Service marketing report of Sushi Restaurant

Topics: Sushi, Japanese cuisine, Service system Pages: 22 (6651 words) Published: March 14, 2007
Executive SummaryTomodachi operates in the central business district with over 10 competitors around the vicinity. However, Tomodachi has been able to remain relatively competitive and active by maintaining its differential advantage as the only modern Japanese restaurant with a world class sushi train as well as an a la carte menu to cater for a full Japanese dining experience.

Our service report analyzes Tomodachi's overall service process, determining potential bottlenecks, critical incidents and recommending solutions accordingly to enhance quality of service, customer experience and subsequently customer retention.

Our service audit report revealed that there were several key issues that Tomodachi's management team should focus on. One of the key issues was that Tomodachi does not have integrated promotional strategies and their promotional efforts seemed to be targeting all customers. Hence, we suggest that promotional efforts should be targeted at special market segments. In addition, promotions emphasized more on pricing discounts, rather than accentuate the service experience and quality which is a far more sustainable form of competitive advantage.

Physical evidence also plays an important part as customers often use physical evidence as peripheral cues to their perceptions and expections of a service. It can also facilitate with the service delivery process and we have recommended ways in which Tomodachi can leverage on its physical evidence to enhance customer's service experience and reiterate their positioning strategy.

Finally, recommendations are provided for supply and demand management, internal marketing and improving customer quality, satisfaction and retention efforts which in turn may assist in more memorable and efficient service deliveries.

Table of Contents1.0 Situation Analysis52.0 Customer Analysis62.1 Perceived Risks82.2 Service Product Strategy93.0 Positioning Strategy124.0 Service Process & Blueprint135.0 Role of Physical Evidence196.0 Current Pricing Strategies297.0 Current Promotional Strategies308.0 Supply and Demand Management319.0 Analysis of Customer Quality, Satisfaction and Retention Efforts3410.0 Internal Marketing3511.0 Conclusion36References37Appendix391.0 Situation AnalysisTomodachi is located on level 3, Melbourne Central which is regarded as an inner-city precinct for shopping, eating & entertainment. This Japanese sushi train restaurant is situated in a very competitive environment, with numerous direct and indirect competitors located in Melbourne Central or outside on Swanston Street.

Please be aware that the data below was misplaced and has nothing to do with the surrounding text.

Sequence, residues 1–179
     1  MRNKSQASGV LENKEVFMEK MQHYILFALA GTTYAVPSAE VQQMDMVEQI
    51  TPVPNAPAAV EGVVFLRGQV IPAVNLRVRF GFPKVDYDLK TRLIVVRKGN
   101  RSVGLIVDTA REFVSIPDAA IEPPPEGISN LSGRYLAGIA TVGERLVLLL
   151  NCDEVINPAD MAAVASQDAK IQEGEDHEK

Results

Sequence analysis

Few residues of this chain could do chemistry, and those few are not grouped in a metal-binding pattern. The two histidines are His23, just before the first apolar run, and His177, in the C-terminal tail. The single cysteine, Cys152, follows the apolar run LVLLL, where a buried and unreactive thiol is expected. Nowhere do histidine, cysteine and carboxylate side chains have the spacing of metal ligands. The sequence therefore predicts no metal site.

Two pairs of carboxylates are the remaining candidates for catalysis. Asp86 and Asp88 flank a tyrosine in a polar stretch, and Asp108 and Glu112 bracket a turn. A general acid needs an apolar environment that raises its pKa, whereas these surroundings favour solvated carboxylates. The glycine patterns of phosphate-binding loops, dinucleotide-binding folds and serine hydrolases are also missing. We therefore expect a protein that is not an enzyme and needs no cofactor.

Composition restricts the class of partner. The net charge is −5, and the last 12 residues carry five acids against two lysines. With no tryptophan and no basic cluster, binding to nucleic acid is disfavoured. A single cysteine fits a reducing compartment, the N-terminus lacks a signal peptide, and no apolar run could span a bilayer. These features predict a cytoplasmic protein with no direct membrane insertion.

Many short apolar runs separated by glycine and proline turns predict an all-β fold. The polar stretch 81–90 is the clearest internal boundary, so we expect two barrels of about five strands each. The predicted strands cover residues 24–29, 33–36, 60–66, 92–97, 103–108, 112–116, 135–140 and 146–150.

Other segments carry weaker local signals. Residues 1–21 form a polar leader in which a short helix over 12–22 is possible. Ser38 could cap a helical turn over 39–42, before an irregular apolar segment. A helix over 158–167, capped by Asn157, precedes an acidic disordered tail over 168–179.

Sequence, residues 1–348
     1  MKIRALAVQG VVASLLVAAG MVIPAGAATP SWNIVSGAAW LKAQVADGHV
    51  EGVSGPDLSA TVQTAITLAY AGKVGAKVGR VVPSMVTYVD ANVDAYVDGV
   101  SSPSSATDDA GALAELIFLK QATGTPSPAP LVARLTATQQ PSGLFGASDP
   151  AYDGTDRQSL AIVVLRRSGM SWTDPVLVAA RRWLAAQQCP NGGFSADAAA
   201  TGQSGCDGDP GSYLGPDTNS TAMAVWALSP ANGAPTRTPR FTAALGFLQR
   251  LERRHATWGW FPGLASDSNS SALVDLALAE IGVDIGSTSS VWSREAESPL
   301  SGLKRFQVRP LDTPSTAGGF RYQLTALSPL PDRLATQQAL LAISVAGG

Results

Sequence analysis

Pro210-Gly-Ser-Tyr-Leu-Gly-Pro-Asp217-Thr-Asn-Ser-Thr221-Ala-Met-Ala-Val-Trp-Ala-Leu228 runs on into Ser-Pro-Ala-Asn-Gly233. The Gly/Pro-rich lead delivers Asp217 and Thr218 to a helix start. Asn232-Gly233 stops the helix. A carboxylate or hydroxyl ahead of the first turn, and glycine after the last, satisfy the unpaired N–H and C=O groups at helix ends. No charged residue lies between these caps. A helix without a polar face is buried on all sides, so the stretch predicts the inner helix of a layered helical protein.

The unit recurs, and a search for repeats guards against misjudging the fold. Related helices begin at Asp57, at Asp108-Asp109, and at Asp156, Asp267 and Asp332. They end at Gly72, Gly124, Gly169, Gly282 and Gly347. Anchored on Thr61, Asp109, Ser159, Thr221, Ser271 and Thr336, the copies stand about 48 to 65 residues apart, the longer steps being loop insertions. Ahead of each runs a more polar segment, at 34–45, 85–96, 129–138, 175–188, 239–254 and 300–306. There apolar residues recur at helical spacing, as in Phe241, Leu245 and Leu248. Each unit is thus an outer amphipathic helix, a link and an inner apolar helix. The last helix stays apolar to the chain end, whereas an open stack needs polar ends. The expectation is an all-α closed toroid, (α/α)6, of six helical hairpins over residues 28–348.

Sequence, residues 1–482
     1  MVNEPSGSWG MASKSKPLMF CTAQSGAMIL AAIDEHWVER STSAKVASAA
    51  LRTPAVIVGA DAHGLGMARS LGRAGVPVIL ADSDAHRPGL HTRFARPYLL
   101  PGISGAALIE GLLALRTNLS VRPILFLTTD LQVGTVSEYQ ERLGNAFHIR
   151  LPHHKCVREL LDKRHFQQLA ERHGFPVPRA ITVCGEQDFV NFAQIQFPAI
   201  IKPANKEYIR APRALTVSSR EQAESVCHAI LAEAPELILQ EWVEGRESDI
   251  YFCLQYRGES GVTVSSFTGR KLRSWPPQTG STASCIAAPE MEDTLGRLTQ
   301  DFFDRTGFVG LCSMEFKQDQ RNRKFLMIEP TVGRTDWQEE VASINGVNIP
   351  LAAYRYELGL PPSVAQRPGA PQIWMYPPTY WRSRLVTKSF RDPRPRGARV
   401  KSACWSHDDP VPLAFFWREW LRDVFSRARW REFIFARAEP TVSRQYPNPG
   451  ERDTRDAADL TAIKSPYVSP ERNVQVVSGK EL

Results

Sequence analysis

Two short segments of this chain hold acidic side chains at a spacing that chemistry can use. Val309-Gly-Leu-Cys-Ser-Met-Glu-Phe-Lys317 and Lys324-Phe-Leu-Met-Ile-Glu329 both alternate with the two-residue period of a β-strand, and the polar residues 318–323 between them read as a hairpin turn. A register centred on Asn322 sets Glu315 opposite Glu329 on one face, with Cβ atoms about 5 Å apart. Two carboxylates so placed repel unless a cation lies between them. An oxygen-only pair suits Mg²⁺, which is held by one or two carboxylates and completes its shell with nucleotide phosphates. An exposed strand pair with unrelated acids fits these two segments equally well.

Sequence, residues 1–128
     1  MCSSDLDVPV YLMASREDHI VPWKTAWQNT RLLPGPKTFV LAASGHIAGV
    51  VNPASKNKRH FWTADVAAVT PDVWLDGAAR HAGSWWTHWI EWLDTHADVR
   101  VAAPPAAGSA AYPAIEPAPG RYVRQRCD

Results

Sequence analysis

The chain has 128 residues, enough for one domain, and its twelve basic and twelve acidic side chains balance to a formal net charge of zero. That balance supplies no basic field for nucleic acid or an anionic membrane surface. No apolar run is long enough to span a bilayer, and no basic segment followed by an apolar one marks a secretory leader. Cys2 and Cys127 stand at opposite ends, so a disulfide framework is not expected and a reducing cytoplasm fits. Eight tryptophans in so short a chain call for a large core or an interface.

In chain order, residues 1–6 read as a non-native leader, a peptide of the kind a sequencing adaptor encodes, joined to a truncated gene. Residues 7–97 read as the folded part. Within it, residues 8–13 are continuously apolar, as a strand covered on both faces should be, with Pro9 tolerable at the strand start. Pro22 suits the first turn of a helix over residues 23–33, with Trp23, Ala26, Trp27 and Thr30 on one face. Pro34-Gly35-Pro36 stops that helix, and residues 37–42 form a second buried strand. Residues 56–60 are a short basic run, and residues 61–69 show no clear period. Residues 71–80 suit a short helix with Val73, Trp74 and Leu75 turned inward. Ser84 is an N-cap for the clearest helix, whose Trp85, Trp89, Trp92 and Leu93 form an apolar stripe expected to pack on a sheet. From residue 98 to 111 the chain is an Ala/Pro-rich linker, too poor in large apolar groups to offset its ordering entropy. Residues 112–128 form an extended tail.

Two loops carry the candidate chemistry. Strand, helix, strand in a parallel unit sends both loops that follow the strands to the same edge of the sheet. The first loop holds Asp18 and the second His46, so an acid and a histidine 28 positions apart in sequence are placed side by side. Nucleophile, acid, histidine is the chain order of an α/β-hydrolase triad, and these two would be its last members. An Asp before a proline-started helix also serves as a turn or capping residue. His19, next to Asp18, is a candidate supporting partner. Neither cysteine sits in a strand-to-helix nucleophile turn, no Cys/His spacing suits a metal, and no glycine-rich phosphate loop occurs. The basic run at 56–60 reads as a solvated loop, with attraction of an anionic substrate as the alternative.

The main competitor of Tomodachi is O-Bento, which is located at Melbourne Central food Court, providing sushi, sashimi and Japanese hot food, similar to what Tomodachi offers. However, O-Bento competes at lower price and quicker food delivery. There are also several sushi bars on Swanston Street, which compete for the lunch hour crowd. A comprehensive Competitor Analysis is presented in Appendix 1.

Japanese restaurants have become a very important part of the culinary service sector in Australia. Based on our on-line research, there are over 150 Japanese style restaurants, cafe, and bars in Melbourne (MX, 2006). All these demonstrate that Japanese restaurants are very popular in Australia. Consumer's knowledge of Japanese food is now very extensive and consumers are becoming more demanding.

Sushi is one of the popular Japanese foods in Australia and is becoming a healthier food alternative due to its low fat content and minimal artificial seasoning (Tanaka, 2006). Melissa Stoppler, M.D.(2006) regards sushi as an important factor for healthy eating.

Consumers' decisions for healthier lifestyles usually stem from their values and beliefs, which they have built over time through exposures to the media.

Empirical studies have shown that females in their mid-30's and older make up the largest portion of the health food market (ABS, 2005). In Australia, woman make up more...

References: nonymous. (2006) 'What Your Customers Want '. Restaurant Hospitality. Cleveland: July 2005. Vol.89, Iss. 7; pg. 50, 6 pgs.
Australian Bureau of Statistics(2005). 'Population by Age and Sex, Australian States and Territories '. Retrieved October 4, 2006, fromhttp://www.abs.gov.au/Ausstats/abs@.nsf/0e5fa1cc95cd093c4a2568110007852b/b52c3903d894336dca2568a9001393c1!OpenDocumentCranage, D. and Mattila, A. S. (2005) 'The impact of choice on fairness in the context of service recovery '. The Journal of Services marketing. Santa Barbara: 2005. Vol. 19, Iss. 5; pg 271, 9 pgs.
Cybrzynski, G. (2006). 'It was an enjoyable afternoon, marred only by uncivil behavior at a restaurant '. Nation 's Restaurant News. New York:Aug 7, 2006. Vol. 40 Iss32; pg104.
Dickson, D., Ford, R. C., Laval, B. (2005). 'Managing Real and Virtual Waits in Hospitality and Service Organizations '. Cornell Hotel and Restaurant Administration Quaterly. Ithaca: Feb 2005. Vol. 46, Iss. 1; pg. 52, 17 pgs.
Moorthi, Y. L. R. (2002) 'An approach to branding services '. The Journal of Services Marketing. Santa Barbara: 2002. Vol.16, Iss. 2/3; pg 259, 16 pgs.
MX (2006), 'Dinners Like discounts '. Melbourne: MX News, pp. 5.
Stoppler, M. (2006). '10 Tips for Healthy Eating on the Run '. Retrieved October 13, 2006, fromhttp://www.medicinenet.com/script/main/art.asp?articlekey=46521Tanaka, A. (2006). 'Japanese Lifestyle '. Retrieved October 2, 2006, fromhttp://facweb.bhc.edu/International/Esl2/news/SPRING2002/articles/japaneselifestyle.htm
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